According to a story from the Globe and Mail, Michelle Quinlan was overwhelmed when her child Avery was diagnosed with Coffin-Siris syndrome, a rare genetic disease that can cause intellectual disability and developmental delays. Michelle felt cut off, with few people who could truly understand the situation. Many rare patients and their families experience this feeling, and when facing a rare disease like Coffin-Siris syndrome, it can be very isolating.
Going it Alone?
The diagnostic process for rare conditions is often an extensive, complicated, and stressful ordeal. Patients are often subjected to multiple, sometimes invasive tests, inconclusive doctor’s appointments, and trips to the hospital. However, no rare patient or family has to face their disease alone. Michelle looked up Coffin-Siris syndrome on Facebook and found a support group for those facing the disease.
There is no doubt that social media has had a major impact on the lives of its users, and one of its greatest merits is its ability to bring people together who have shared concerns or interests that would otherwise never have the opportunity to interact with one another. This can include rare illnesses like Coffin-Siris syndrome. While these rare disease community pages can vary in size, they serve as valuable sources for exchanging information and offering mutual support.
While widely popular social media sites like Facebook have become a haven for rare disease support pages, there are also more specialized websites that are specifically dedicated to fostering community among rare disease patients.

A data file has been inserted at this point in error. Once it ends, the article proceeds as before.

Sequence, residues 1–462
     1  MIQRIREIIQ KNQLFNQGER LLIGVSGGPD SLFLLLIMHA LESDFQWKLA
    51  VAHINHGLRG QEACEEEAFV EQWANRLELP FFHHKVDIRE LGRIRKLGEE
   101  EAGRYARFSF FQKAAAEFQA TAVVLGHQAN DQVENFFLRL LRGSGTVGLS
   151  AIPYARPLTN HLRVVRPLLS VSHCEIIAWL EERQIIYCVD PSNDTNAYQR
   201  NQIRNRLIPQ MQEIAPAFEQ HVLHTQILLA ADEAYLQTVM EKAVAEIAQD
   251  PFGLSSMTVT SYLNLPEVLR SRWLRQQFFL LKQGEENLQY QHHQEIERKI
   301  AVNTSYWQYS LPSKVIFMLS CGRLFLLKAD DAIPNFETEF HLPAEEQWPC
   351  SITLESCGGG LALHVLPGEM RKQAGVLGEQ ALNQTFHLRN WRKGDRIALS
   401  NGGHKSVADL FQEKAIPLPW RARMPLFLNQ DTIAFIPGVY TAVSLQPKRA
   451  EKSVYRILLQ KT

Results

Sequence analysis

One example is RareConnect, a website that was first launched in 2009 with a collaborative effort from the U.S. National Organization for Rare Diseases and the European Organization for Rare Diseases. RareConnect has been growing ever since, with around 35,000 members on the site from across the planet.
The site currently has 140 distinct disease communities, with new ones being created every day. RareConnect has also made great efforts to break down language barriers with Google Translate and dedicated site moderation, meaning that people from different countries with the same disease can still interact.
Advice from the Coffin-Siris syndrome Facebook group helped encourage Michelle to go through with a procedure that helped Avery avoid long term lung infections, which is another effect of the disease.
While online resources are still lacking for some rare conditions, they are nevertheless and meaningful resource for struggling patients and their families who are desperately seeking advice, empathy, and understanding from others that have endured their struggle.